In the beginning there was analogue Closed Circuit Television (CCTV) where computer analytics did not exist, and it was up to those monitoring the pictures to spot as much as they could humanly do so – quite a tall order when you only had one or two operators watching banks of camera feeds! Then came IP video, which transformed surveillance systems by enabling video transmission over network cable, and IP cameras could be easily attached to networks.

Now that video was essentially digitised, developers soon realised that digital video could be analysed automatically by the clever use of algorithms. This became a growing feature of ever more sophisticated video management software (VMS), which within certain parameters could do things like detect movement or stationary objects, set virtual tripwires and count numbers of people in, for example, retail environments.

Originally, all these analytics were being carried out at the centre of the video surveillance system, at the server or NVR loaded with the VMS. A major drawback, however, was the amount of expensive bandwidth that was needed to transmit large amounts of video to the VMS, before they could be processed and analysed.

In the past few years, however, we’ve witnessed a trend towards more analytics taking place at the camera end – also known as the edge of the network. This approach has the immediate advantage of being able to analyse camera images locally, without having to send bandwidth-hungry video across the network. Instead, the results of the analysis are sent to the VMS as lightweight data. In practical terms, this means that a camera fitted with motion detection, for example, will only start sending images if and when any movement is detected. This has the advantage of reducing the amount of bandwidth and storage needed, and not needing an operator to monitor video when nothing is happening.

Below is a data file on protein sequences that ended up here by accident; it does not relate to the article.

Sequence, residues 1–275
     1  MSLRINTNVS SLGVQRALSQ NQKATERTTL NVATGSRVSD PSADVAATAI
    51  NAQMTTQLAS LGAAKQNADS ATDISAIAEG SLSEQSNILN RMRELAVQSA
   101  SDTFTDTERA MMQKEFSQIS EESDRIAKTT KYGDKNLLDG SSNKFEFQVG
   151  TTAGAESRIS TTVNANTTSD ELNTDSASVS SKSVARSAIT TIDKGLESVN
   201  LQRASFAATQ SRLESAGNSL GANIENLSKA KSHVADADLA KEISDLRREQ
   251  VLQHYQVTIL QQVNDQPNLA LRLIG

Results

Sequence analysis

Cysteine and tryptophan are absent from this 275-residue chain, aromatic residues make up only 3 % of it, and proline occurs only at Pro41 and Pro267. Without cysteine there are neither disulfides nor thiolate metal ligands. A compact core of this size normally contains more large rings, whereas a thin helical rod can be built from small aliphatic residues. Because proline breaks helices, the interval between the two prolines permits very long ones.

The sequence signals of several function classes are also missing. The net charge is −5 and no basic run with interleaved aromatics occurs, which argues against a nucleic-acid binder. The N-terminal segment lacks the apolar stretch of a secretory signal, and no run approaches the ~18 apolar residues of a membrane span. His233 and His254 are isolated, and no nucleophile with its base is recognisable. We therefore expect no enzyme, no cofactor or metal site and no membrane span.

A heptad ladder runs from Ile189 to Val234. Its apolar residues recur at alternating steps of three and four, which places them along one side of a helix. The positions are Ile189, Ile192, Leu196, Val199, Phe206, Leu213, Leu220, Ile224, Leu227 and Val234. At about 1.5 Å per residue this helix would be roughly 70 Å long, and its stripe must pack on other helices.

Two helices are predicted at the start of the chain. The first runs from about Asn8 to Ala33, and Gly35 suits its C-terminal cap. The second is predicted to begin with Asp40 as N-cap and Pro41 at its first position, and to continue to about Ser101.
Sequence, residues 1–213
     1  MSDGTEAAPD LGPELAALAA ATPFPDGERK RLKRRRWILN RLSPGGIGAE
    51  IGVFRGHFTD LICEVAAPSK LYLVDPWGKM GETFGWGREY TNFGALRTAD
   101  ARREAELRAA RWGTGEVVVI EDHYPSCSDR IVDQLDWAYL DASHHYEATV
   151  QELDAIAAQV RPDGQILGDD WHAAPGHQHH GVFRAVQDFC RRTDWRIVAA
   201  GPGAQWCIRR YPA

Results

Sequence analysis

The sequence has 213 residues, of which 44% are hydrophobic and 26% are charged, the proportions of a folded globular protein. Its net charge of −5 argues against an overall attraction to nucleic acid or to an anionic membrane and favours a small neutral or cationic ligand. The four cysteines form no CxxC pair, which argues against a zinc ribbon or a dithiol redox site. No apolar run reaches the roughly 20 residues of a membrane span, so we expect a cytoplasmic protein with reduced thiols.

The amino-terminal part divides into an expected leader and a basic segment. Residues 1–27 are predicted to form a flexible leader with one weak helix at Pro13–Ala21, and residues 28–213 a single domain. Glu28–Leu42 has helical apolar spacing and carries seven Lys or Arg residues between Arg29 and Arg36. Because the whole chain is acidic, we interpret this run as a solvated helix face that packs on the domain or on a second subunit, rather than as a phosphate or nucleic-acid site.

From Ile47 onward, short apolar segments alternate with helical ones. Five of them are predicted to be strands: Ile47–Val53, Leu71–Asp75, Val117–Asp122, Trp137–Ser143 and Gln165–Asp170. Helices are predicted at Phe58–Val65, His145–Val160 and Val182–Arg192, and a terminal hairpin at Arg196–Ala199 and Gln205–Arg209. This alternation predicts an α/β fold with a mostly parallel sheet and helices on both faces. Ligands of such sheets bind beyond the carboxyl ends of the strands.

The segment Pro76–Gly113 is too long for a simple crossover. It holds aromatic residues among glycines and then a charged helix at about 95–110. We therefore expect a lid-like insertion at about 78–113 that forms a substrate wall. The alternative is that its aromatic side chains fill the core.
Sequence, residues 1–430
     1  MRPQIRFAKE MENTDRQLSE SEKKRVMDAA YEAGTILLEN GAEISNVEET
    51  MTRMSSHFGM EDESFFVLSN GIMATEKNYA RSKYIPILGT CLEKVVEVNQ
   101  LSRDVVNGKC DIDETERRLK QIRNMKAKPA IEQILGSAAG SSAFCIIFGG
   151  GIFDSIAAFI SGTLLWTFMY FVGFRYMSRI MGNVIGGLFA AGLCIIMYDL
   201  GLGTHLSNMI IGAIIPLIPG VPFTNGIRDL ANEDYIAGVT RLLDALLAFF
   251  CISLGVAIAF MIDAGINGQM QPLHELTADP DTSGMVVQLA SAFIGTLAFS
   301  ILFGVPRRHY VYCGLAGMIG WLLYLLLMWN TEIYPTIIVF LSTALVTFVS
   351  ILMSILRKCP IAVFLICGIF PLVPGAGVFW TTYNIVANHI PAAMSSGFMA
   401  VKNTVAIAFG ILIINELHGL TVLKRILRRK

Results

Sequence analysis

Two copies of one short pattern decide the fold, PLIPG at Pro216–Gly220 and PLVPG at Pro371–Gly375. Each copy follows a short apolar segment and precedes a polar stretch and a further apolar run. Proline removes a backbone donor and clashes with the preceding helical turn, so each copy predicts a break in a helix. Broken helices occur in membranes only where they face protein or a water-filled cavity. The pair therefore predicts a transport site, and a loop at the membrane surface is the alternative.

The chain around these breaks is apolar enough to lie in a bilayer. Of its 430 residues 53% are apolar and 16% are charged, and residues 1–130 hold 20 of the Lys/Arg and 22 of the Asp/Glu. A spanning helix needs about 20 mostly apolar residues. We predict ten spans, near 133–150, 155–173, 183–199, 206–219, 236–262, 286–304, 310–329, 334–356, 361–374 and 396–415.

Another benefit of this distributed network architecture is recording at the camera end. This enables the live viewing of video at relatively low resolution, so conserving bandwidth, while recordings are made at higher resolution for post-event analysis and high quality evidence. Of course, the actual recording device does not have to be in the camera – NVRs can be used to record at the edge for a group of local cameras. And if an edge device should fail, only that part of the network will be affected. Because of its distributed architecture, recording at the edge also comes into its own in mobile and/or wireless applications, where bandwidth is at even more of a premium.

Edge-based systems can also be less costly, as unlike server solutions there is no need for server maintenance, and there are no proprietary software licenses to purchase and potentially no limits to scaling up the system.

What is making edge recording at the camera more feasible is the exponential growth in flash memory devices, such as SD Cards and USB drives, which can now hold several Terabytes of data.

Edge vs central

But one of the downsides of recording and analysing at the edge is the expense of cameras with sufficient processing power, whereas it may be less costly having cheaper cameras and leaving the processing to be done at the server. As most VMSs are camera-agnostic, there is also a wide range of cameras to choose from. While server-based systems do require more bandwidth, they have the advantage of being able to decide which analytics are assigned to which cameras. There’s also the consideration that recording and analysing at the edge could leave data more vulnerable to hackers and vandals, compared to the relative security of centralised storage.